### Video Transcript

In this lesson, we’re going to
learn how some properties of charged particles determine their expected motion in
the presence of magnetic fields. We’ll then work backwards, starting
with an observation of a particle’s motion, and determine from that properties of
the particle like charge, mass, and charge-to-mass ratio.

Let’s start by considering the
force acting on a particle as it moves in a magnetic field. Here we have a charged particle and
its direction of motion is perfectly horizontal towards the right. We’ll call the charge of the
particle 𝑄 and its speed 𝑣. We’ve represented a magnetic field
in this diagram by an array of circles with x’s in them. The x’s represent that the magnetic
field is pointing away from us. In other words, we’re looking in
the same direction that the magnetic field is pointing. We’ll use the letter 𝐵 to
represent the strength of this magnetic field.

Since the direction of the
particle’s motion and the direction of the magnetic field are perpendicular, the
force on this object when it’s inside the magnetic field is the charge of the object
times its speed times the strength of the magnetic field. The direction of the force is
perpendicular to both the direction of motion and the direction of the magnetic
field, so either directly up or directly down. The particular direction depends on
the sign of the charge of the particle. If the particle has a positive
charge, then in this configuration, the force will be up. And if the particle has a negative
charge, in this configuration, the force will be down. Regardless of whether the charge is
positive or negative, the force is always perpendicular to the direction of
motion.

There is another situation where an
object moves subject to a force that is perpendicular to its direction of
motion. And that’s an object moving in a
circle. For an object moving in a circle,
the force is perpendicular to the motion, and in this case, the force has a special
name. It’s called the centripetal
force. The reason there needs to be a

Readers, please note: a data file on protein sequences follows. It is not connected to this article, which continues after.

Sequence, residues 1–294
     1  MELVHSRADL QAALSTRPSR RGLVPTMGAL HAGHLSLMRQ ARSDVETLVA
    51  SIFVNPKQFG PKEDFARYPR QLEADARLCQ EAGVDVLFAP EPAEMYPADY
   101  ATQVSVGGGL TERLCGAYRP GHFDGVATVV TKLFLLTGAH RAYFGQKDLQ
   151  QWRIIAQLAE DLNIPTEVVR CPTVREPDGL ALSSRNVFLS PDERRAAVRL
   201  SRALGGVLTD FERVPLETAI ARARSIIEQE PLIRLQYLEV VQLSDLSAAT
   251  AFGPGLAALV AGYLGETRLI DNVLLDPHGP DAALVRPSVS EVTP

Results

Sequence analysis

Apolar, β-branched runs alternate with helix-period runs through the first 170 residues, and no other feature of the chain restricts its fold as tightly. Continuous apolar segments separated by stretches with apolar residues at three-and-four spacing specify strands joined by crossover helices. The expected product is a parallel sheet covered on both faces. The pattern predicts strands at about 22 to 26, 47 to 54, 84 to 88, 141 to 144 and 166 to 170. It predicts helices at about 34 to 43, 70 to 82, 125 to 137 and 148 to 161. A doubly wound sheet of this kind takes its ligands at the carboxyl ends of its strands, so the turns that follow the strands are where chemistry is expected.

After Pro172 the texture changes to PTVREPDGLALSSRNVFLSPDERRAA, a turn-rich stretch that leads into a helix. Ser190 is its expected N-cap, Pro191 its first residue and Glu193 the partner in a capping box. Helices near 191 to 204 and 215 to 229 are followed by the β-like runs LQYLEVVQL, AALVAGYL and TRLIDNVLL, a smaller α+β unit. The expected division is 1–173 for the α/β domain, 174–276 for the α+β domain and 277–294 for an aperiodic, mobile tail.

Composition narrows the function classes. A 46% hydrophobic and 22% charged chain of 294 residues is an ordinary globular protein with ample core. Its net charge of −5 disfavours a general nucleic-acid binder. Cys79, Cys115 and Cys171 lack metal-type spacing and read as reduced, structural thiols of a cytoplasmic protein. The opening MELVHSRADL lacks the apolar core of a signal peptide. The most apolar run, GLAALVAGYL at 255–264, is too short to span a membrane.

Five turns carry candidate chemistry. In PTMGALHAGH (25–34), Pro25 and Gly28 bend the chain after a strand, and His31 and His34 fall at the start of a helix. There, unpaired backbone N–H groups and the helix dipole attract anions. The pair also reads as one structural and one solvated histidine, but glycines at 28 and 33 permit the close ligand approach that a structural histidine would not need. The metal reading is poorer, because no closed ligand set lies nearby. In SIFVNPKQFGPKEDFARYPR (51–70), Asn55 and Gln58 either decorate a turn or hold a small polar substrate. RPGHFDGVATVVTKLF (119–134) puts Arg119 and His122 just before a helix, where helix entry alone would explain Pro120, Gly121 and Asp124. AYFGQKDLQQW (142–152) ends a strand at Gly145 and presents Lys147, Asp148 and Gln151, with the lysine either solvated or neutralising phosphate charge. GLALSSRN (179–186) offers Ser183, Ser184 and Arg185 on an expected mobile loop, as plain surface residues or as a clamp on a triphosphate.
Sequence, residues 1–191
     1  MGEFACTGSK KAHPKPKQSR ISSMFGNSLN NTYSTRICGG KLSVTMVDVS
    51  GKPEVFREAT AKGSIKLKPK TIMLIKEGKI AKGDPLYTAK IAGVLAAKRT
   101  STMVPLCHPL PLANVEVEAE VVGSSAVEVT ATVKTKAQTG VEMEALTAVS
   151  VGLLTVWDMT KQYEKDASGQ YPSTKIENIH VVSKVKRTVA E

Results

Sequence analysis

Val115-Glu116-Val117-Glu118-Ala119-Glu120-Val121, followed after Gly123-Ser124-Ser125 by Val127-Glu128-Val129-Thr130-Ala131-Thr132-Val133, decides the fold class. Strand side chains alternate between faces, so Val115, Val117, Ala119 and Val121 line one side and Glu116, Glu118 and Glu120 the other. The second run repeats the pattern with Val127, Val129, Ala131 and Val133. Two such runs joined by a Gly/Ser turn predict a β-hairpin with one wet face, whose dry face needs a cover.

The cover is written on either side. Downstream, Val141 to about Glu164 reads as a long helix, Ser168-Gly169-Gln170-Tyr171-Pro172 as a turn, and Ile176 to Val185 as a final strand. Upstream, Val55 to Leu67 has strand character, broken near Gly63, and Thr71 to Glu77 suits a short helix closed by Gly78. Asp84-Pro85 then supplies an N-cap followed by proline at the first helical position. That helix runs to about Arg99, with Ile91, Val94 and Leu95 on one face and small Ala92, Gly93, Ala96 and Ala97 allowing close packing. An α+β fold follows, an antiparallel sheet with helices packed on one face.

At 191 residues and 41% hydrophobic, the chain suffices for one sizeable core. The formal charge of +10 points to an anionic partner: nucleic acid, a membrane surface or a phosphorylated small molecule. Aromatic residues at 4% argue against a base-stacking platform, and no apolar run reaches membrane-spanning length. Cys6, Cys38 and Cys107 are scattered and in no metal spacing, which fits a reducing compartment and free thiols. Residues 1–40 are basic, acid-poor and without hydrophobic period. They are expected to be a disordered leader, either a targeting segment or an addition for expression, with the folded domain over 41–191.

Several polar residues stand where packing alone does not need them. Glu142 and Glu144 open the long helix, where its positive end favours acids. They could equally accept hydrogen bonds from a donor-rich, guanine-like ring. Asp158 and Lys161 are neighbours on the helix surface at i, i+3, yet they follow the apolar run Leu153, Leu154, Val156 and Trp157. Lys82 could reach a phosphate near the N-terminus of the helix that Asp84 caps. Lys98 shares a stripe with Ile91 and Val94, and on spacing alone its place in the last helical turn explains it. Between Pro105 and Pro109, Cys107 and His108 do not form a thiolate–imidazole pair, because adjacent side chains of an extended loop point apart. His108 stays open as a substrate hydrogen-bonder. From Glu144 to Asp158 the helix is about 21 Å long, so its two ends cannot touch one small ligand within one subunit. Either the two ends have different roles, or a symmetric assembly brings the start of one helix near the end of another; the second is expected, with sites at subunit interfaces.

force acting on an object moving in a circle at all is because the object is
changing direction, and direction changes require a force. For a charged particle in a
magnetic field, the force is perpendicular to the direction of motion, just like for
an object moving in a circle. Therefore, a charged particle in a
uniform magnetic field will also move in a circle with the force on the particle
always pointing towards the center of the circle.

If the particle were negatively
charged, the trajectory would curve downward in keeping with the direction of the
force. Our goal is to relate this circular
motion to the force that the charge experiences because of the magnetic field. To do this, recall that the
centripetal force on an object moving in a circle is the mass of the object times
the square of the object’s speed divided by the radius of the circular path. Since the force on our charged
particle due to the magnetic field is in fact the centripetal force that our
particle is experiencing, we can equate these two expressions. This gives us that the mass of our
charged particle times the square of its speed divided by the radius of its path as
it moves through the magnetic field is equal to its charge times its speed times the
strength of the magnetic field.

In this context, we refer to the
radius of the path as the cyclotron radius because the circular paths made by
charged particles moving in magnetic fields are known as cyclotron motion. Let’s carefully examine the
quantities that we have in this equation. We have the strength of the
magnetic field, which describes the environment of the particle but not the particle
itself. We have the speed of the particle
and the radius of its path, which describe its motion. And we have the mass and the
charge, which are properties of the particle itself. Remember, our goal was to relate
particle properties to a description of its motion. So let’s collect all of the
quantities that describe the motion on one side of the equation and all of the
quantities that are properties of the particle on the other side.

We’ll accomplish this by dividing
both sides by the mass and speed of the particle and also the strength of the
magnetic field. On the right-hand side, 𝑣𝐵
divided by 𝑣𝐵 is just one. And on the left-hand side, 𝑚
divided by 𝑚 is one and one factor of 𝑣 in the denominator cancels one factor of
𝑣 in the numerator. This gives us exactly the sort of
expression we’re looking for. We have information about the
particle’s motion on one side of the equation and information about the particle
itself on the other side.

Before doing anything further with
this equation, let’s observe that the right-hand side 𝑄 divided by 𝑚 is the
charge-to-mass ratio of the particle. The fact that the only appearances
of charge and mass in this equation are as part of the charge-to-mass ratio tells us
several things. Firstly, it tells us that two
particles may have different charges and masses but undergo the same motion in a
magnetic field because the ratio of their charge to their mass is the same. Furthermore, this equation tells us
that we need some kind of independent measurement to establish the particular charge
or particular mass of a particle since knowledge of just its trajectory — that is,
its velocity, the radius, and the strength of the magnetic field — is only enough to